The WebGenre Blog: The power of genre applied to digital information. By Marina Santini » Entries tagged with "cyberemotions"

Towards a Safer Web (with Language Technology)

Last Updated: 25 June 2013 On 18 June 2013, I attended an interesting conference on cybersecurity. The conference was held in one of the conference rooms at the Police Academy in Rome*. The title of the conference was “Critical Infrastructure Protection – Telecommunications”** and Italian was the working language. The conference was organized by  the I.C.S.A Foundation (Intelligence Culture and Strategic Analysis) (http://www.fondazioneicsa.it/?lang=3). Those who can understand Italian can read a press release here: http://www.fondazioneicsa.it/UserFiles/File/convegno_polizia.pdf As you can imagine, there were many people working for the Police and Defence Departments, but also people coming from industry and academia. I attended this conference because, in my opinion, Language Technology (LT) can help cybersecurity in many ways. We are currently thinking of a LT project, SafeWEB, whose aim is to detect threatening, mischievous and treacherous … Read entire article »

Filed under: discussions, dissemination, reports

Presentation: How Emotional Are Users’ Needs? Emotion in Query Logs

According to recent IR research, searchers’ behaviour is not only limited to traditional informational, navigational and transactional needs. A novel hypothesis is that the seeking behaviour is driven by emotion. These experiments are part of SearchInFocus, a study centred on search. How Emotional Are Users’ Needs? Emotion in Query Logs from Marina Santini http://www.cyberemotions.eu/ … Read entire article »

Filed under: featured, slides

Reflection: Analysing Emotions of Social Writing

by Marina Santini A few days ago, I attended a fascinating session organized by the Quantified Self Stockholm (QS) MeetuUp, in a venue with an inspiring name, Psykologifabriken (The Psychology Factory), in center Stockholm. This QS session – Adding Power to body and soul… – included two presentations: one about adding power to the body through a robotic glove that adds gripping energy to the hand of those who have lost strength in this limb; the other one about methods to enable self-development through digital tools. Since I am not into robotics, I will only say that the empowering glove shown by Johan Ingvast from Bioservo is simply amazing… I am not a psychologist either, but I found the presentation about empowring the “soul” very relevant to some of my interests, namely sentiment analysis, mood … Read entire article »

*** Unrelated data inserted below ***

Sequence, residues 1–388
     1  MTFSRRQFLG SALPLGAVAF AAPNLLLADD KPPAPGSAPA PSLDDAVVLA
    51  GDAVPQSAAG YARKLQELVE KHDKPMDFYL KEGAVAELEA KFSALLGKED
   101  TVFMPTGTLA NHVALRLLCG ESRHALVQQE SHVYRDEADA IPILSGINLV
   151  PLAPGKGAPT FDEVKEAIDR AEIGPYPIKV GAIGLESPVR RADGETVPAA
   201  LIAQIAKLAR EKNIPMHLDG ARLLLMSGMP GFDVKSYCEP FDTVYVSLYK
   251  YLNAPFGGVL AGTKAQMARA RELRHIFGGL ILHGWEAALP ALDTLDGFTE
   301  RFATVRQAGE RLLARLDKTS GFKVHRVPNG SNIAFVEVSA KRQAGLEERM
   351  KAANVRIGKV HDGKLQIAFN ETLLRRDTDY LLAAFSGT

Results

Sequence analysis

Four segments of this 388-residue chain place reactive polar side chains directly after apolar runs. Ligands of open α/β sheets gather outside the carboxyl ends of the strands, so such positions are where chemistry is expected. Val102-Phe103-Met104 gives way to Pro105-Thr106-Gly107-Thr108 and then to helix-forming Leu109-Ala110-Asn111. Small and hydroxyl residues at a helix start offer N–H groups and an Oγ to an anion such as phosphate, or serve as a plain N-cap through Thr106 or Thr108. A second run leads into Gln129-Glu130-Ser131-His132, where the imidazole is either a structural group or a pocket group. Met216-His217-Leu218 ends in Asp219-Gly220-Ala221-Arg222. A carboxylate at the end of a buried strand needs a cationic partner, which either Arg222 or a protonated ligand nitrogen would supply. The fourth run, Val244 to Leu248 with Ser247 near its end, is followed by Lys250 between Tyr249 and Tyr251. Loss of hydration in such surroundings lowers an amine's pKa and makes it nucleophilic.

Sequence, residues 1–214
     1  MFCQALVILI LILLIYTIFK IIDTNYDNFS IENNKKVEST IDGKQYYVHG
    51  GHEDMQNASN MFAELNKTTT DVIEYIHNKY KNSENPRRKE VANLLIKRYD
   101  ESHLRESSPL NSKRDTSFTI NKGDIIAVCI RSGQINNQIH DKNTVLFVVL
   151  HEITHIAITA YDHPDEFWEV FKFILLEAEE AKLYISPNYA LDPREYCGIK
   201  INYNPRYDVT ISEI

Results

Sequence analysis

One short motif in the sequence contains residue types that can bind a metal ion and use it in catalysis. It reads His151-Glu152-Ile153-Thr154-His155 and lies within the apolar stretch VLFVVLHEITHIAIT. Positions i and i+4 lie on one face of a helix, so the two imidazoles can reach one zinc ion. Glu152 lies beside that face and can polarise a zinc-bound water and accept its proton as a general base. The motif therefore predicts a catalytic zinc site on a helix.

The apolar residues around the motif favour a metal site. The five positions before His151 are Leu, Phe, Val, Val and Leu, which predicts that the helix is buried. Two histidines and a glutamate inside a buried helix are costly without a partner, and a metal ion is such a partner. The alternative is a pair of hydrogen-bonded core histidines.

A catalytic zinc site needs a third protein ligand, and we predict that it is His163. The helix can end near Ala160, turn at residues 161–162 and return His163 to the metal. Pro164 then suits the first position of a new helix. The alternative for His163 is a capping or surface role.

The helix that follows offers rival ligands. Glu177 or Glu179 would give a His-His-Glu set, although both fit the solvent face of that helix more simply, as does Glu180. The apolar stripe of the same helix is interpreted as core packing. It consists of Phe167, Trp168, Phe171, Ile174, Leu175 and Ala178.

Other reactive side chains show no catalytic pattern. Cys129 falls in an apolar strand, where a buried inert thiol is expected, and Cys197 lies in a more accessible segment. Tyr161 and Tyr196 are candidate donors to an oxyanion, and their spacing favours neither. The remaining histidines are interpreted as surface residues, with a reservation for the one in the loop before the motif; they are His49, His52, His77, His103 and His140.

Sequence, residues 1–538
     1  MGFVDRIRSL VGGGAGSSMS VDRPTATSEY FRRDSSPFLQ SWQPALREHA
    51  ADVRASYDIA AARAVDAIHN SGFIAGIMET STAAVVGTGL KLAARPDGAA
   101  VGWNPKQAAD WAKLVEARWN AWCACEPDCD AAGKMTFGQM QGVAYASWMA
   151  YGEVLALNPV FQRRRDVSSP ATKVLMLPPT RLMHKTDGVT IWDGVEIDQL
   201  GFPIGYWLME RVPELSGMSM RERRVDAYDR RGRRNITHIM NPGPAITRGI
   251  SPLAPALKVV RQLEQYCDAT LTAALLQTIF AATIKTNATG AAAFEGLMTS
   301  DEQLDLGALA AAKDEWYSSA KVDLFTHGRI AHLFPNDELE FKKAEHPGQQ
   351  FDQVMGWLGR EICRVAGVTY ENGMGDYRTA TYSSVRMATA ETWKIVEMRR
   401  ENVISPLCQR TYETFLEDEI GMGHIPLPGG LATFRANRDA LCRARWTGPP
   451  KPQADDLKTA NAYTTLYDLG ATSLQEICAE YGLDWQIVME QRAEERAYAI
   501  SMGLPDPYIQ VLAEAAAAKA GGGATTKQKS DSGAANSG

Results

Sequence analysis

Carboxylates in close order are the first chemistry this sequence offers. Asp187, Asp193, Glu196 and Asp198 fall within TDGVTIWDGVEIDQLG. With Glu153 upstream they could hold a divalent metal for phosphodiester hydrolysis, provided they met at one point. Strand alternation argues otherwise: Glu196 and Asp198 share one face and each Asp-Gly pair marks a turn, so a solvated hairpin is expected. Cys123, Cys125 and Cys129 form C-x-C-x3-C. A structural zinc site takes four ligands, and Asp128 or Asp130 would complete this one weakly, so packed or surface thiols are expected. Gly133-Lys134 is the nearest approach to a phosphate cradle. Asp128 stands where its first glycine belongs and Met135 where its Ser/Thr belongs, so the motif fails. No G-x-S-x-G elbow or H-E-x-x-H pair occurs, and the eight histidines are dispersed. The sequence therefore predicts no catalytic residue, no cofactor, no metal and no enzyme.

Filed under: reflections

Reading Suggestion: Adjectives and adverbs as indicators of affective language for automatic genre detection (2008)

Rittman, Robert and Nina Wacholder. (2008). Adjectives and adverbs as indicators of affective language for automatic genre detection. Proceedings of AISB 2008 Convention, Symposium on Affective Language. Aberdeen, Scotland, April 1-2, 2008. Abstract. We report the results of a systematic study of the feasibility of automatically classifying documents by genre using adjectives and adverbs as indicators of affective language. In addition to the class of adjectives and adverbs, we focus on two specific subsets of adjectives and adverbs: (1) trait adjectives, used by psychologists to assess human personality traits, and (2) speaker-oriented adverbs, studied by linguists as markers of narrator attitude. We report the results of our machine learning experiments using Accuracy Gain, a measure more rigorous than the standard measure of Accuracy. We find that it is possible to classify … Read entire article »

Filed under: reading suggestions, references

Question: How do you inject emotions into chatbots, Andres?

Post signed by: ANDRES TOMÁS HOHENDAHL, NLP Researcher http://web.fi.uba.ar/~ahohenda Injecting emotions is a rather complicated task, so I started by using lots of heuristics, classifying the user inputs and the bot answers, trying to figure out emotional communication and frustration states, as the emotional state is a result of several ongoing acts, and somehow measures or emotional readouts of the result of those interactive acts. In other words if the bot gets a question, and knows how to answer it, he gets happier, if the user denies or objects the answer, he gets a little frustrated, if the user says nonsenses (not understandable things) the bot gets curious and asks further, if the user employs harsh terms, he might go into a defensive-first and angry after state, all was based on the … Read entire article »

Filed under: collaborative blogging, queries, signed posts